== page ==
Lastly, the court determined that the Division satisfied the fourth factor with clear and convincing evidence. It concluded that the children were in a caring and loving home and that the foster parents were willing to adopt and "are in a position where they are taking care of the children in the best way [possible]."

On April 14, 2011, the Family Part entered a judgment terminating Kenneth's parental rights. This appeal ensued.


Having considered Kenneth's arguments on appeal, in light of the record and applicable law, we discern no sound reason to disturb the Family Part's findings, as they are supported by substantial credible evidence and have not been shown to be clearly mistaken or to have produced a denial of justice. See N.J. Div. of Youth & Family Servs. v. G.L., 191 N.J. 596, 605 (2007) (noting the limited standard of review applicable in guardianship cases). We add only a few comments regarding each of the challenged statutory criteria.

The New Jersey Supreme Court has "consistently imposed strict standards for the termination of parental rights." In re Guardianship of K.H.O., 161 N.J. 337, 347 (1999). "The balance between parental rights and the State's interest in the welfare of children is achieved through the best interests of the child standard." Ibid. Under that test, termination is never appropriate unless the Division satisfies each of the following four statutory factors by clear and convincing evidence:

(1) The child's safety, health or development has been or will continue to be endangered by the parental relationship;

(2) The parent is unwilling or unable to eliminate the harm facing the child or is unable or unwilling to provide a safe and stable home for the child and the delay of permanent placement will add to the harm. Such harm may include evidence that separating the child from his resource family parents would cause serious and enduring emotional or psychological harm to the child;

(3) The division has made reasonable efforts to provide services to help the parent correct the circumstances which led to the child's placement outside the home and the court has considered alternatives to termination of parental rights; and

(4) Termination of parental rights will not do more harm than good. [N.J.S.A. 30:4C-15.1(a).]

"The statute requires that the State demonstrate harm to the child by the parent." K.H.O., supra, 161 N.J. at 348. The four statutory factors "are not discrete and separate; they relate to and overlap with one another to provide a comprehensive standard that identifies a child's best interests." Ibid. "When the child's biological parents resist the termination of their parental rights, the court must decide whether the parents can raise their children without causing them further harm." N.J. Div. of Youth & Family Servs. v. F.H., 389 N.J. Super. 576, 609 (App. Div.), certif. denied, 192 N.J. 68 (2007) (citing In re Guardianship of J.C., 129 N.J. 1, 10 (1992)).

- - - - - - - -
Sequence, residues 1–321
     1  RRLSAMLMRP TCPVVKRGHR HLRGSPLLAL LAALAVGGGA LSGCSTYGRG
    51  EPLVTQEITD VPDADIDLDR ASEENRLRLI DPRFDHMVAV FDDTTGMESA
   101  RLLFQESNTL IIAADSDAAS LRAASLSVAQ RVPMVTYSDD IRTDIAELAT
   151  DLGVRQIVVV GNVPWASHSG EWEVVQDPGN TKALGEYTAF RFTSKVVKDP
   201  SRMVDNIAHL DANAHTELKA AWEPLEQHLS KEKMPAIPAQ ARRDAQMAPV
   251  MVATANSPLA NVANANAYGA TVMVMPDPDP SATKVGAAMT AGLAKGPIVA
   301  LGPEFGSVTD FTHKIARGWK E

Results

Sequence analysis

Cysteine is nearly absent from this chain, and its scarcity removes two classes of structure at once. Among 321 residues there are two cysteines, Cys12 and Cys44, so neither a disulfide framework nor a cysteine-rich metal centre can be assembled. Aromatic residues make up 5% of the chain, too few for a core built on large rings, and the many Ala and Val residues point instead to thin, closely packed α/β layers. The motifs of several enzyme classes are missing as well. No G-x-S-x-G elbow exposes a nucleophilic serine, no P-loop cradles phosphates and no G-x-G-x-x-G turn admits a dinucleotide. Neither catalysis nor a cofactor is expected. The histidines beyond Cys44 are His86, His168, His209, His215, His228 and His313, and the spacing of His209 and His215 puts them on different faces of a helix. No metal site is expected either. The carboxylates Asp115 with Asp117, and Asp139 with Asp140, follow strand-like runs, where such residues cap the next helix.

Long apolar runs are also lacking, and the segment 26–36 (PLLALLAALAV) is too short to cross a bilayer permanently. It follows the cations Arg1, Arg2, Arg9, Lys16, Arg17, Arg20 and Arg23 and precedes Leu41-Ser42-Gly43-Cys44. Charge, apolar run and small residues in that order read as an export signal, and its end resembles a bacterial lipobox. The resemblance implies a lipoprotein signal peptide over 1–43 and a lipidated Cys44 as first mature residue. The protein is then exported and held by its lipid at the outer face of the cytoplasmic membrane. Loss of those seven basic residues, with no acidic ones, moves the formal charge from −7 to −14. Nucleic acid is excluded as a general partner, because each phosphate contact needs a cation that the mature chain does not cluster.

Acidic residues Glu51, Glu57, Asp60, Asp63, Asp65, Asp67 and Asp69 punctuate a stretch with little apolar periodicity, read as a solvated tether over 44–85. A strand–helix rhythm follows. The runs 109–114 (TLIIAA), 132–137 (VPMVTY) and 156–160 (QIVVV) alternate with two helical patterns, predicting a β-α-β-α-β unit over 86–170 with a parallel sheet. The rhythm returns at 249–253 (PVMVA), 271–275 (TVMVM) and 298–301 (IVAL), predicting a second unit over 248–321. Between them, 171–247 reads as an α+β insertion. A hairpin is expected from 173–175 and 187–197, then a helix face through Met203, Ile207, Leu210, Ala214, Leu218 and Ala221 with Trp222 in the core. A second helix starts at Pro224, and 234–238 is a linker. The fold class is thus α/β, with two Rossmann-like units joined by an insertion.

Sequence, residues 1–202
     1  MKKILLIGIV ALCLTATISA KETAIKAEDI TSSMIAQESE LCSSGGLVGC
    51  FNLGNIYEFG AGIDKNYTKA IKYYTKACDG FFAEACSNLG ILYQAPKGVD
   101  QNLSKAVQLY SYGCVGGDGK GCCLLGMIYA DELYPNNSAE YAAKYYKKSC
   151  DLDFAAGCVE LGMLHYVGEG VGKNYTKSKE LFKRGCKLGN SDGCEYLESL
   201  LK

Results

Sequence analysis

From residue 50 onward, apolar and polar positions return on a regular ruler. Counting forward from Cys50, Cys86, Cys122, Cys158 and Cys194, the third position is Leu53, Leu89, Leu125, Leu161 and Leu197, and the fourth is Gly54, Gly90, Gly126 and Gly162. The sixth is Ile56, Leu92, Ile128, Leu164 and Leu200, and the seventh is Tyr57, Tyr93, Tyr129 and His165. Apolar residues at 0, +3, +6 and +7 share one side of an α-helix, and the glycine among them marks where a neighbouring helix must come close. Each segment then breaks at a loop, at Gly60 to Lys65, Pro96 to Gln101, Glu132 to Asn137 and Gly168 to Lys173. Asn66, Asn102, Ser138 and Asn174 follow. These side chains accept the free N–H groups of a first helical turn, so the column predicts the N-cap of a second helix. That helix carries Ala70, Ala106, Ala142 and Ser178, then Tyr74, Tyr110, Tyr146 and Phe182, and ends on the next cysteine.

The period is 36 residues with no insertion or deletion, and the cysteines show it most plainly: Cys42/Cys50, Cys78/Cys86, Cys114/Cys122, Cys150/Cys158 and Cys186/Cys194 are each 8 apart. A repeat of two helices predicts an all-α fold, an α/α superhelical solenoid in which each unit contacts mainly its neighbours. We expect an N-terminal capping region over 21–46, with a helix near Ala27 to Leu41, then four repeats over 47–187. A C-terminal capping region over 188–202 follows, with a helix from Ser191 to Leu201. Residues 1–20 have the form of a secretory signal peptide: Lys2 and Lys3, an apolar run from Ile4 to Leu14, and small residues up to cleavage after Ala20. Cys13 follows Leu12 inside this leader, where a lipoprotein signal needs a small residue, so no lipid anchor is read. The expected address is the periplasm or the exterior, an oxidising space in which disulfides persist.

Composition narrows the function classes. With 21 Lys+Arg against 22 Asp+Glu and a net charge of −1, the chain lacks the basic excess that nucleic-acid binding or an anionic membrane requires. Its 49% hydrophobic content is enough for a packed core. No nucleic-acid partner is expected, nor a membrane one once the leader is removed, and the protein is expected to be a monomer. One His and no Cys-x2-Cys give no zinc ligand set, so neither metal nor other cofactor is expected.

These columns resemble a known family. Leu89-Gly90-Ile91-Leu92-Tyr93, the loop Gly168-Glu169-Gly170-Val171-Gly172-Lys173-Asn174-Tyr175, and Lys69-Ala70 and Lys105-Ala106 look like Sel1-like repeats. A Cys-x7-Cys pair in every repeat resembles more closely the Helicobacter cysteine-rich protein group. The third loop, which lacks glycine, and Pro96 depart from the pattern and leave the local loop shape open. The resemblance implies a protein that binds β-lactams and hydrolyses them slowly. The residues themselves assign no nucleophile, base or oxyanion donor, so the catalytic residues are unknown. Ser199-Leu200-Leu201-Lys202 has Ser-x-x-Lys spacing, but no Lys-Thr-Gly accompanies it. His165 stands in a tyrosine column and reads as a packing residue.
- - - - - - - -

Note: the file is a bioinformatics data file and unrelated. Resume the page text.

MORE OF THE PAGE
Here, the record is replete with numerous instances of the children's exposure to unhealthy and dangerous conditions, which satisfied the first factor. The harm need not be physical. Our Supreme Court has instructed that:

"[T]he trial court must consider whether the parent has harmed or is likely to continue to harm the child. Harm, in that context, involves the endangerment of the child's health and development resulting from the parental relationship. Rather than focusing on a single or isolated harm, the standard may be triggered by an accumulation of harms over time." [N.J. Div. of Youth & Family Servs. v. I.S., 202 N.J. 145, 166-67 (2010)(quoting N.J. Div. of Youth & Family Servs. v. P.P., 180 N.J. 494, 506-07 (2004)).]

The Supreme Court has further held that a parent's extended denial or withdrawal of nurture and care, whether by action or omission, is a harm that endangers the health and development of a child. In re Adoption of Children by L.A.S., 134 N.J. 127 (1993).

Kenneth's disregard for his children's welfare is emblemized by his repetitive negative interaction with Sharon, resulting in several violent episodes and culminating in his convictions for aggravated assault and endangering the welfare of a child. The tender age of the children at the times he behaved inappropriately does not excuse what is incontestable: Kenneth was unwilling and unable to mitigate the effects of the chaotic and noxious relationship with the children's mother, all to Sophia's and Albert's detriment.